Black SplatDinner at Eight (1933)
   

"Listen, you little piece of scum, you...You can go back to that sweet-smelling family of yours back of the railroad tracks in Passaic!"

Dinner at Eight - Wallace Berry and Jean Harlow

Description: Wallace Berry as entrepreneur Dan Packard threatens his social climbing wife, Kitty (Jean Harlow) with poverty if she doesn’t come around to his way of thinking in the motion picture Dinner at Eight (1933).

To drive his point home, Dan says, “And get this—if that sniveling, money grubbing, whining old mother or yours comes fooling around my office anymore, I’m going to give orders to have her thrown down those sixty flights of stairs, so help me.”

But Kitty has a tough side as well and tells her husband in no uncertian terms: “Who do you think you’re talkin’ to, that first wife of yours out in Montana?...The poor mealy-faced thing with her flat chest that didn’t have enough nerve to talk up to ya‘, washin’ out your greasy overalls and cooking and slavin’ in some mining shack? No wonder she died. Ya’ big wind bag!”

The film revolves around a high society dinner party thrown by Mrs. Millicent Jordan (Billie Burke), a social butterfly who is unaware that her husband, Oliver (Lionel Barrymore) is contending with bankruptcy and a bad heart.

Oliver wants to invite Dan Packard to the party so he can ask Packard to help him out of his financial difficulties. Millicent hates the idea but reluctantly agrees, after saying, "You're joking! Ask that common little woman to the house with that noisy, vulgar man? He smells Oklahoma!"

Among the guests invited to the dinner party:

  • The Ferncliffes, the richest couple in England who cancel their plans to come to the party at the last minute and instead travel to Florida.
  • Dan Packard, a rough-talking, nouveau-riche mining magnate who secretly intends to take over Mr. Jordan's failing shipping line. Dan doesn't want to go to the party.
  • Kitty Packard, his sexy, ill-mannered, platinum blond wife who went from an ex-hat check girl to high society. She yearns to be sophisticated socialite and coerces her husband to attend the dinner. He tells Kitty "Aw, go lay an egg." But Kitty insists that Dan escort her to the party, declaring "I'm going to be a lady if it kills me."
  • Dr. Wayne Talbot (Edmund Lowe) who is having an affair with Kitty. He is married.
  • Larry Renault (John Barrymore), an alcoholic, silent movie matinee idol who must confront the fact that he is no longer popular.
  • Paula (Madge Evans), Jordan's daughter who is romantically involved with Renault but engaged to Ernest DeGraff (Phillips Holmes).
  • Carlotta Vance (Marie Dressler), a former stage actress but financially wanting. She intends to ask Mr. Jordon to cash in her stocks in his company to obtain needed funds.

Before dinner, Dan Packard and his wife Kitty have a heated exchange after Kitty reveals her affair with the doctor. Threatened with divorce, she tells Dan she will squeal about all of his corrupt business dealings, if he refuses not to help Mr. Jordon out of his business troubles.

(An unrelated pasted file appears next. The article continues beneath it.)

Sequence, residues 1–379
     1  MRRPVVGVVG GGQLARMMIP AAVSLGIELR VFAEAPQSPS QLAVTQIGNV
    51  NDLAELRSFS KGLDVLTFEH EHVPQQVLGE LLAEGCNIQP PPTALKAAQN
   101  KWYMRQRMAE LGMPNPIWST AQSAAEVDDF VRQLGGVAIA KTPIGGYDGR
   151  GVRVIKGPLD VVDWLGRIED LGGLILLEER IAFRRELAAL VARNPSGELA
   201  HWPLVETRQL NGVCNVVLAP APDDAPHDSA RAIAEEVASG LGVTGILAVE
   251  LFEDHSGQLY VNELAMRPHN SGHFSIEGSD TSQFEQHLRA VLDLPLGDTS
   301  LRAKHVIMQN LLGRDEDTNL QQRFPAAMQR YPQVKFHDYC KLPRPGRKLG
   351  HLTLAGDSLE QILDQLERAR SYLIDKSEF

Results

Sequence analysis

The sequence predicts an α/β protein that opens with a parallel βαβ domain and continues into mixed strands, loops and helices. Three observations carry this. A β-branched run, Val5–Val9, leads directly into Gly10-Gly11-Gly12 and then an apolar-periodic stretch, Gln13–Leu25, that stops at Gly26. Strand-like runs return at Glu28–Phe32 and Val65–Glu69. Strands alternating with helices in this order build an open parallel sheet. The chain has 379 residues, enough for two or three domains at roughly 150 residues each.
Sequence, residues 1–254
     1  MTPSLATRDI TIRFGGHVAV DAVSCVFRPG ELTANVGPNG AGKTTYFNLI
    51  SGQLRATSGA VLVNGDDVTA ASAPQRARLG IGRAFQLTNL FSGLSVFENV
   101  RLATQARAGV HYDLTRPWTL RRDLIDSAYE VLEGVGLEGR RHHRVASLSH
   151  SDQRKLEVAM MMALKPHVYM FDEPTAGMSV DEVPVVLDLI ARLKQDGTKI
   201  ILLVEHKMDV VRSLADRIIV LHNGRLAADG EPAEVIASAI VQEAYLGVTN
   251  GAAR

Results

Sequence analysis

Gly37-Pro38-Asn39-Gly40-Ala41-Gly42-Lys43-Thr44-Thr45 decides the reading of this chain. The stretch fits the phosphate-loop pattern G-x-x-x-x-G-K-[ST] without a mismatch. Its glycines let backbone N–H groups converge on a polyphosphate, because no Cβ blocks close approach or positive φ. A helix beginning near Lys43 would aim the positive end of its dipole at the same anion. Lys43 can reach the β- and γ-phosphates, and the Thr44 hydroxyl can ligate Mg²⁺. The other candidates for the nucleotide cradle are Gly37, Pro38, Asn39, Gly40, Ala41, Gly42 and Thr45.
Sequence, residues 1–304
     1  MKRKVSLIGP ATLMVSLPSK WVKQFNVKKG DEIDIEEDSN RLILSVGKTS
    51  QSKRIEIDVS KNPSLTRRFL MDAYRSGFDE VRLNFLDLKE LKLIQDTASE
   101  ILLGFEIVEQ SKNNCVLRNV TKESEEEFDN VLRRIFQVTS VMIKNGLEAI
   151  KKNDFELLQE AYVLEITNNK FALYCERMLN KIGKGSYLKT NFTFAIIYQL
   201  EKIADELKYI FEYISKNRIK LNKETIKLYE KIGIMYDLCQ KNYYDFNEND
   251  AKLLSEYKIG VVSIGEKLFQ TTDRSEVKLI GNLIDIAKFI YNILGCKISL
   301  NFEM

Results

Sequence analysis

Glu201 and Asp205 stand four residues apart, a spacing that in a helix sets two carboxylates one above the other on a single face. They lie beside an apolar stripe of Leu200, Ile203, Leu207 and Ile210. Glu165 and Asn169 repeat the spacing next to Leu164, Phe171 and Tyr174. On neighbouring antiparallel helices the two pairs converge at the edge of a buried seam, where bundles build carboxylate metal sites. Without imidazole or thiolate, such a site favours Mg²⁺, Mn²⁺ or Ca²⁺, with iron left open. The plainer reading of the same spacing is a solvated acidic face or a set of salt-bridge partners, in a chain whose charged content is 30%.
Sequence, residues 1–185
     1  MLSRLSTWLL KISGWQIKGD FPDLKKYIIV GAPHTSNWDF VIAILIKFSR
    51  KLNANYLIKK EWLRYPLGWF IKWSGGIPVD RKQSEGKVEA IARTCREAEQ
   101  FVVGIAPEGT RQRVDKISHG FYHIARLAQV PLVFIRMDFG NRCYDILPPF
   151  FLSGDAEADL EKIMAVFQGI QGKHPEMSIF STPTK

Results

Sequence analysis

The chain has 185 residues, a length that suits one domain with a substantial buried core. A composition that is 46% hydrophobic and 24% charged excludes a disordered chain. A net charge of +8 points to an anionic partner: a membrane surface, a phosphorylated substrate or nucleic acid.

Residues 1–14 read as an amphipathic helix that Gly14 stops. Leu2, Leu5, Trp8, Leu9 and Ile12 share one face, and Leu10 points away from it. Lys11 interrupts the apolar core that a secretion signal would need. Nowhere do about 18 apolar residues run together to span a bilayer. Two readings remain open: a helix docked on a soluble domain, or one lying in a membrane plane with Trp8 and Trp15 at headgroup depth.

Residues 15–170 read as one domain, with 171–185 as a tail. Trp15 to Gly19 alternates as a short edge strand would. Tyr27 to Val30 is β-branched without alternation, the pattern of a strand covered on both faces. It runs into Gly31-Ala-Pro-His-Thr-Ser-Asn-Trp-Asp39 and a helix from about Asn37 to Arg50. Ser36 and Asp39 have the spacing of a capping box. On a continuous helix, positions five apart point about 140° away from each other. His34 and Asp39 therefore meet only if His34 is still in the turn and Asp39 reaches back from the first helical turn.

"When I tell about (your dirty business affairs), I'll raise a pretty stink. Politics? You couldn't get into politics. You couldn't get in anywhere. You couldn't even get into the men's room at the Astor!"

Larry Renault never makes it to the dinner party because he commits suicide (gassing himself in his hotel room) after his agent Max Kane (Lee Tracy) tells him he is all washed up.

"Oh, no. l'm just telling you the truth... You know, you never were an actor. You did have looks, but they're gone now. You don't have to take my word for it. Just look in any mirror. They don't lie. [Forces Renault to look in a mirror] Take a good look. Look at those pouches under your eyes. Look at those creases. You sag like an old woman! Get a load of yourself! Wait till you start tramping around the offices, looking for a job, because no agent's going to handle you. Sitting in those anterooms hour after hour, giving your name to office boys that never even heard of you. You're through, Renault! You're through in pictures and plays and vaudeville and radio and everything. You're a corpse, and you don't know it. Go get yourself buried!"

In the end, despite complications with the servants and assorted dramatic revelations, the dinner is served precisely at eight.

As the guests head to dinner, a final conversation between Kitty Packard and Carlotta the stage actress closes out the movie.


Kitty: I was reading a book the other day.
Carlotta: [surprised] Reading a book?
Kitty: Yes. It's all about civilization or something. A nutty kind of a book. Do you know that the guy says that machinery is going to take the place of every profession?
Carlotta: Oh, my dear, that's something you need never worry about.

Note: In the motion picture Footlight Parade (1933), Nan Prescott tells stenographer Vivian Rich "Outside, countess. As long as they've got sidewalks YOU'VE got a job."


Dinner at Eight -  Movie Poster

Dinner at Eight -  Movie Poster


 
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